In my long career of babysitting and nannying a wide range of ages from babies to pre-adolescents, spanning 12 years of my teens and early 20s, I often got kids who would make requests such as “Can I watch TV after bedtime?” or “Can I jump on the trampoline in the dark?” or “Can I feed the dog Fruit Loops?” (These are all fictional, FYI.) I would always say no, and get the classic response: “But my parents let me do it.” I would reply: “Well, then you can do it when your parents come home.” Probably half the time they were telling the truth. But for the evening at least, I was the one in charge, not the absent parents, and certainly not the kids.

Parents tend to think their kids are unique with special problems, and that parents who have seemingly always calm kids are just lucky. There’s a grain of truth in this strand of thinking (although I think it’s largely a Western one). But from what I’ve observed in my few decades on earth, it seems that most kids will respond to structure and routine and knowing that their parents are the ones in charge.

Over the years, these are all things I’ve overheard parents say:

“His baby/toddler/kid is so quiet and obedient. He’s one of the lucky (implication: few) ones.”

“You raised seven kids to be so well-behaved. How on earth did you do it?”

“How do you get your kids to do/not do…(fill in the blank with a hundred different things) – I just can’t seem to do it.”

First of all, probably none of these statements are absolutely true. The most well-behaved children will still do bad things, and even quiet babies will cry – that’s how they’re wired. But most likely what’s behind all of them are parents who are quietly in charge of their kids, even from the first few months of life.

I read with some amusement Druckerman’s story about her son Leo escaping the playground at every opportunity as soon as they arrived, and how she had to keep chasing him and bringing him back. Her French companion calmly advised her to say “no” with more conviction. After a few tries, Leo finally looked at her warily and headed back to entertain himself in the sandbox for the rest of the afternoon, totally un-traumatized and content to stay within the established boundaries (not just physical ones), or cadre as the French call it. My parents could probably correct me on this, but I know that if we had ever tried to escape the playground, we would have been in a heck of a lot of trouble. I don’t recall ever trying anything like this – it would have been pas possible as she writes in the article.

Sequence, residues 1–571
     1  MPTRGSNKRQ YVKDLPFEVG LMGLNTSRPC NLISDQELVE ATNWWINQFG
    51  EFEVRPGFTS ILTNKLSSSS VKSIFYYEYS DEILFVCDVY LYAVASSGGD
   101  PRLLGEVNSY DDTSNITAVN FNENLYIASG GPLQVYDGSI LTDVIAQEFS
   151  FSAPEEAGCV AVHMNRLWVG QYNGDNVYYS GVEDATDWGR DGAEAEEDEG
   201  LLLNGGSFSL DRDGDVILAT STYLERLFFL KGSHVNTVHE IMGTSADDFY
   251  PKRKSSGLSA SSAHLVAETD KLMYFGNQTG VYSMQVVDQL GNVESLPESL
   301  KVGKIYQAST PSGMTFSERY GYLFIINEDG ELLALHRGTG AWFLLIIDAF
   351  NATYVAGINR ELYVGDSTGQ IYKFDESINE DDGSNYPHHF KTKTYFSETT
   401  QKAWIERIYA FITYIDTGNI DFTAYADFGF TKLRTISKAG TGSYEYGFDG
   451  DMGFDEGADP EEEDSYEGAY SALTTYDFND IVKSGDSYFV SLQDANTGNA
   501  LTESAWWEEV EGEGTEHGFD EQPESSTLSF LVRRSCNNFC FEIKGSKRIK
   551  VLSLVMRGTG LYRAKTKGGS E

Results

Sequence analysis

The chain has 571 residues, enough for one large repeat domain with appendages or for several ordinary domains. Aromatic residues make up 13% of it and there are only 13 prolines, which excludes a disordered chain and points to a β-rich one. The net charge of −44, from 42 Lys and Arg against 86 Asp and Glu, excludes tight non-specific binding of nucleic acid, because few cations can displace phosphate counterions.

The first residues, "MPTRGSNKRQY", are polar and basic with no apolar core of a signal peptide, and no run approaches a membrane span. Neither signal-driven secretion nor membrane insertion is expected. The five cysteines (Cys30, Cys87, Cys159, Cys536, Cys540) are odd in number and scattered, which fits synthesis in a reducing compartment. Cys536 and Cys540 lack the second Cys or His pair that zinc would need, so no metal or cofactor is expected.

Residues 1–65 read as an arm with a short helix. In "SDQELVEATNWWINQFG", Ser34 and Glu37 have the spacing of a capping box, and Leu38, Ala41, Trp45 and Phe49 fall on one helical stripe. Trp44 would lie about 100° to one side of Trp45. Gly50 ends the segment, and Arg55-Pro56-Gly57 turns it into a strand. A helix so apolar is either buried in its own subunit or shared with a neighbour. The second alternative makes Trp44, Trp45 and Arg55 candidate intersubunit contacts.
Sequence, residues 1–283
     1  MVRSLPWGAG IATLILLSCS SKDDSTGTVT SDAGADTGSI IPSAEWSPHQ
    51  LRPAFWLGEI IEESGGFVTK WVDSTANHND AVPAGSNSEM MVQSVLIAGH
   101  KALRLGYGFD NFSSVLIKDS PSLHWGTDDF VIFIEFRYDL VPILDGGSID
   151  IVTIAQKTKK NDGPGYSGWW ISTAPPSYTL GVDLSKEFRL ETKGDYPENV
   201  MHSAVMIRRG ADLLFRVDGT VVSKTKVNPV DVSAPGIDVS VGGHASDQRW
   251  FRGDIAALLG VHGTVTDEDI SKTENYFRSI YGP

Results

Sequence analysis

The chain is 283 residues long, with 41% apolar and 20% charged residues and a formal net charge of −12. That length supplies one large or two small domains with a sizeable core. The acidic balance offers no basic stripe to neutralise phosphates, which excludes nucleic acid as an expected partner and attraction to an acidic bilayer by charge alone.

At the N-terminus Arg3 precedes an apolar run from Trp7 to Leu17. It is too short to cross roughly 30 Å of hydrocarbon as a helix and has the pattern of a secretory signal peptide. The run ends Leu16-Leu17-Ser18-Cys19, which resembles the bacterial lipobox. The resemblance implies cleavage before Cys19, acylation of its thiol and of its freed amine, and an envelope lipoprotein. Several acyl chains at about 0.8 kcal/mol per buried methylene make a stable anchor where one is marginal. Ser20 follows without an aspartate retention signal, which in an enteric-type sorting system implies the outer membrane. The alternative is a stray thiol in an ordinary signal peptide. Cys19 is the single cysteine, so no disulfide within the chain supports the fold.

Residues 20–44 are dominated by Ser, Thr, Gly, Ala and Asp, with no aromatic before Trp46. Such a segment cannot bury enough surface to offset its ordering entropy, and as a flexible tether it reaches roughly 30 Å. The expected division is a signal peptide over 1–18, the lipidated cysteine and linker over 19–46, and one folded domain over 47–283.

Interestingly, one aspect of childhood that Druckerman doesn’t address in the article (though she may in the book) is the role of other adults. I don’t at all know if this is something the French recognize more than others. But I do know that Western parents often feel guilty for not spending enough time with their kids, particularly when both parents are working. Of course, it’s really important that parents devote time to their kids, whether that’s having meals with them, reading to them or playing with them. But the people who populate the memories of my childhood go well beyond my parents – older siblings, grandparents, relatives, teachers, babysitters. All played an important role in my formation and transition to the adult world.

Of course not having my parents there would have left a huge hole. But I think parents who feel guilty about not paying enough attention to their kids can easily over-respond by just giving them what they want and feeling the need to constantly stimulate them without teaching them to play on their own (which apparently the French are quite good at), or trusting that other adults are also helping them to grow into maturity. As Druckerman says about the French: “They assume that even good parents aren’t at the constant service of their children, and that there is no need to feel guilty about this.”

I am sure this is an easy temptation to fall into, one that I will experience early and often. But I hope that my husband and I can get a good start on this parenting business – setting routines, providing freedom and stimulation within boundaries, and carrying on with our (albeit much-changed) adult lives without allowing the kids to take over. And if all of this is done in the context of love and trusting God and other adults who will play an important role, I believe it is possible.